The successful candidate will join a research team that combines molecular and imaging tools to discover and elucidate mechanisms of tumor angiogenesis and drug action.

Specific skills will include cell-surface receptor biology and imaging, flow cytometry (FACS) (see Imoukhuede PI, Popel AS. Quantification and cell-to-cell variation of vascular endothelial growth factor receptors. Exp Cell Res. 317:955-65, 2011). Experiences with Quantum Dots imaging and tissue dissociation are a plus. Knowledge of murine models of cancer is desirable.

Applicant must have a recent doctoral degree with a demonstrated record of innovative scientific accomplishments as evidenced by first-author papers published or accepted in a premiere journal.

Qualified candidates must also demonstrate outstanding communication skills, have a strong passion and commitment to science, and work well within a group.

This position is for US citizens, permanent residents or holders of an F1/OPT visa with at least six months of work authorization left.

Johns Hopkins University is an Equal Opportunity Employer with a commitment to diversity. All individuals are encouraged to apply.

How to apply: Email curriculum vitae and names of three references to: Dr. A.S. Popel, Dept. of Biomedical Engineering, School of Medicine, Johns Hopkins University, Baltimore, MD 21205. Telephone 410-955-6419, E-mail apopel@jhu.edu

Visit Dr. Popel’s website here.

Johns Hopkins and UVa co-host 2-day imaging workshop

Learn about state-of-the-art imaging methods at the In Vivo Preclinical Imaging: an Introductory Workshop, March 20-21 at Johns Hopkins University’s School of Medicine Turner Auditorium. Co-hosted by Johns Hopkins University, the University of Virginia and the Society of Nuclear Medicine (SNM), this workshop will bring together gifted lecturers to cover the fundamentals of in vivo small animal imaging.

The workshop will cover an incredible breadth of material of interest and value to physicians, scientists (including postdoctoral fellows and graduate students) and scientific laboratory professionals interested in using molecular imaging for in vivo biomedical applications. Individuals with experience in small animal imaging as well as beginners are welcome. Participants learn the fundamentals of various small animal imaging modalities. A limited number of participants will also have the opportunity to register to attend a half-day, hands on workshop held on the afternoon of the second day, March 21. Registration for this unique opportunity is on first-come first-served, so don’t wait to register.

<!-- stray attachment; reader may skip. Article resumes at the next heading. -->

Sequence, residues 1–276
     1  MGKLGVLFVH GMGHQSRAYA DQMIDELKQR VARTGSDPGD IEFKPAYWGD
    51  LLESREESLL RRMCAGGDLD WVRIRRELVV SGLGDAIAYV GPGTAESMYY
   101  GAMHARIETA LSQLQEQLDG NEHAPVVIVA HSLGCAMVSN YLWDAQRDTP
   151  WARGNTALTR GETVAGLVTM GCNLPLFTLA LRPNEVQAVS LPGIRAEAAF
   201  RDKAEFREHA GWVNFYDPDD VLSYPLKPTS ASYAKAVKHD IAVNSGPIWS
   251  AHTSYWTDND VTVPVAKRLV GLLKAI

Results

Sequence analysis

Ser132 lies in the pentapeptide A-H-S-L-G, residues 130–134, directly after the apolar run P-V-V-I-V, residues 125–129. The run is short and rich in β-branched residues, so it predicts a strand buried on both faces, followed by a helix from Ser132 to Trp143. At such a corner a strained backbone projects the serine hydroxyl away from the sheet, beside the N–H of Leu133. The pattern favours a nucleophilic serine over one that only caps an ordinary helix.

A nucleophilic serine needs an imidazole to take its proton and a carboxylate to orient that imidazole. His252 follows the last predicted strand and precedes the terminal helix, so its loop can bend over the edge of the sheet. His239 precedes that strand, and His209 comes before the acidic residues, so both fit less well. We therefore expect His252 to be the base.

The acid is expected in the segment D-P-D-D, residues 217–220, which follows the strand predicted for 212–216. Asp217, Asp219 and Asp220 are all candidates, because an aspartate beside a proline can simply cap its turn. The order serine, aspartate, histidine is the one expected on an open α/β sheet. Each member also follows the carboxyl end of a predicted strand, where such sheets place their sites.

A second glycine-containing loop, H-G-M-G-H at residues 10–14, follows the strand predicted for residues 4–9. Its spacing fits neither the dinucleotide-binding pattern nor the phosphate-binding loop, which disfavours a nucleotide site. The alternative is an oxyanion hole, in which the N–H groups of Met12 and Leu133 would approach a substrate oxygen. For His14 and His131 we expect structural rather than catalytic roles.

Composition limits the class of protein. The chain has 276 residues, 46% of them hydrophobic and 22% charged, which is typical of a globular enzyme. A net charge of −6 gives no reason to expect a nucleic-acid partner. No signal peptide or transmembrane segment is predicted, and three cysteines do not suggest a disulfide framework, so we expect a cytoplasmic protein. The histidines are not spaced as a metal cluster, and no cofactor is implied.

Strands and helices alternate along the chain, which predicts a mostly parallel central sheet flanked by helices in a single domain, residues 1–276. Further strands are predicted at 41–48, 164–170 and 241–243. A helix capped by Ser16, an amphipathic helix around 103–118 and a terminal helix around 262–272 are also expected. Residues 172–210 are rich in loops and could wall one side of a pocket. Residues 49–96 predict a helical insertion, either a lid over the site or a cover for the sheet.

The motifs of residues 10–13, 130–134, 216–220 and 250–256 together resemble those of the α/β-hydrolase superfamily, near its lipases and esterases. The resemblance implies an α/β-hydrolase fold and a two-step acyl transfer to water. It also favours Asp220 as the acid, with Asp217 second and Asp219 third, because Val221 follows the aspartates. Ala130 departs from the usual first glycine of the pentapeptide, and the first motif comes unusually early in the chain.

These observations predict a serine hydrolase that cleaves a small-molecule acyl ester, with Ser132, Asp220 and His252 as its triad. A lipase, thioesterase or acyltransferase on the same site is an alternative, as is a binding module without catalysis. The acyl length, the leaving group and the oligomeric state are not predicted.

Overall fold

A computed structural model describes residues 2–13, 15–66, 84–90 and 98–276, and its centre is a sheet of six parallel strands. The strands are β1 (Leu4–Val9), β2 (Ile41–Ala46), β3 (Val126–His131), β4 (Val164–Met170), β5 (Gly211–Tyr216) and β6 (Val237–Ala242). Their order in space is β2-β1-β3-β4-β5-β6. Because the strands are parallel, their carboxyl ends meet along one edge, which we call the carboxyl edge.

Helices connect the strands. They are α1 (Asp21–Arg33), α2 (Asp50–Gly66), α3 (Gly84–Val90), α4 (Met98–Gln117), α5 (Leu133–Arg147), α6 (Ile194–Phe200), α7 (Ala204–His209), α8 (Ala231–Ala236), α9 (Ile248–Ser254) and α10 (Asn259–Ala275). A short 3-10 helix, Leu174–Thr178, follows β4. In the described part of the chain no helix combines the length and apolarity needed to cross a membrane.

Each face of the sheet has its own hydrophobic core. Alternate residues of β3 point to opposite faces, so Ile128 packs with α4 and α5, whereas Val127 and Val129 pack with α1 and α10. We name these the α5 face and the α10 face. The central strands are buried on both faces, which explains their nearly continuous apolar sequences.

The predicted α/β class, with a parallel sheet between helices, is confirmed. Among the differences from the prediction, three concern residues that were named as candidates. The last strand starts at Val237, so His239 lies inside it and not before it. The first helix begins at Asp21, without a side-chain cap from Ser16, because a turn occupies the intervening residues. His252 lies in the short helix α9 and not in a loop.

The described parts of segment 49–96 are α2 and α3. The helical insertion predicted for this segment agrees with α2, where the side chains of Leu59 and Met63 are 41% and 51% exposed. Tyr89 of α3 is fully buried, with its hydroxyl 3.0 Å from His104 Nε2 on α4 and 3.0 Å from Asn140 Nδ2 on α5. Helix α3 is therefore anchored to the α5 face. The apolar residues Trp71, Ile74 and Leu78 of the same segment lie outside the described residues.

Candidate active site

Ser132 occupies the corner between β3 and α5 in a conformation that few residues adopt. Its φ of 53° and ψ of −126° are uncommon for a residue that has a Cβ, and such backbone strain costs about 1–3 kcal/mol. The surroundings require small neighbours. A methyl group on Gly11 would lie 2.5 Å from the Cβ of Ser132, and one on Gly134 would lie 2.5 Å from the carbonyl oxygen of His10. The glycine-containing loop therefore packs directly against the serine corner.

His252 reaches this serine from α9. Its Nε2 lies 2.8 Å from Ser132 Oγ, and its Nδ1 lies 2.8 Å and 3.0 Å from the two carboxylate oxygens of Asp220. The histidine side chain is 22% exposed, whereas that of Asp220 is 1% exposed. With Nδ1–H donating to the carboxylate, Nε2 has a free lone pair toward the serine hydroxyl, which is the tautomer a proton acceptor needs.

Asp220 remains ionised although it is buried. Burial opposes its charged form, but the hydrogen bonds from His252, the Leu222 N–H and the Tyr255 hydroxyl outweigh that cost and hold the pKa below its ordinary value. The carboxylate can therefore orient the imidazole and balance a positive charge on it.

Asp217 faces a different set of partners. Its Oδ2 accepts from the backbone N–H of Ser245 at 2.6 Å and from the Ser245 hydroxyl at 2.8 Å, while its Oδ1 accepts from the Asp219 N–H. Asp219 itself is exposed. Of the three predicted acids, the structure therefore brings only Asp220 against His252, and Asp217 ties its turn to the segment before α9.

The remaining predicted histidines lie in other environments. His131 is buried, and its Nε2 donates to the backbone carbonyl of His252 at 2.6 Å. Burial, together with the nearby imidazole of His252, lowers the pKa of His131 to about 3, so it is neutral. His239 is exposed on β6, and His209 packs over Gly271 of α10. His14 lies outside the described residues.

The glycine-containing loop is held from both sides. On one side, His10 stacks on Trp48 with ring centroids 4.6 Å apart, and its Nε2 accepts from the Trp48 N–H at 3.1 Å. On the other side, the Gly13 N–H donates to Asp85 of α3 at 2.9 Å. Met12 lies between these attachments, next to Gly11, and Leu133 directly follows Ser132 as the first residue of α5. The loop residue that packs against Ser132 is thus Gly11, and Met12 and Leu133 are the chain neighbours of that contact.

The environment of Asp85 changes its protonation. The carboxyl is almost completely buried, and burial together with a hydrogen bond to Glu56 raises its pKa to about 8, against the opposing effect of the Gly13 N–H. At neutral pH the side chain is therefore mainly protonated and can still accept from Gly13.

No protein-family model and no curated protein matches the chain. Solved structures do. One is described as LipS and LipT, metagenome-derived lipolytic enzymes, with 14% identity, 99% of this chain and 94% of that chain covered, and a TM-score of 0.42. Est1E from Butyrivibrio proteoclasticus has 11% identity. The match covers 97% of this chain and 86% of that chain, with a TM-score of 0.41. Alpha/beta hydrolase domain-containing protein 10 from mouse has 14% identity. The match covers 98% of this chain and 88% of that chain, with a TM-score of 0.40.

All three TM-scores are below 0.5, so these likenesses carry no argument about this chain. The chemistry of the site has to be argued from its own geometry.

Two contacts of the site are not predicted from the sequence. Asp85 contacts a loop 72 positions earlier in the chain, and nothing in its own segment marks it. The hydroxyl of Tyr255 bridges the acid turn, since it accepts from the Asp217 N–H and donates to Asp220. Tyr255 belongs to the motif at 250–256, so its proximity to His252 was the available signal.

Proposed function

Speakers will address imaging modalities including MRI and MRS, PET, SPECT, optical imaging (bioluminescence & fluorescence imaging/tomography), ultrasound, x-ray CT, photoacoustic imaging and multimodality imaging. Speakers will also examine instrumentation, acquisition and reconstruction, MR/SPECT/PET imaging probes, targets and applications, small animal handling, techniques for imaging infectious disease models and data analysis.

More information about the workshop, including a full agenda of topics, registration and details about transportation and lodging can be found at the workshop website. www.snm.org/pci2012.

INBT Happy Hour – Friday 4/13

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REU Deadline March 1, 2012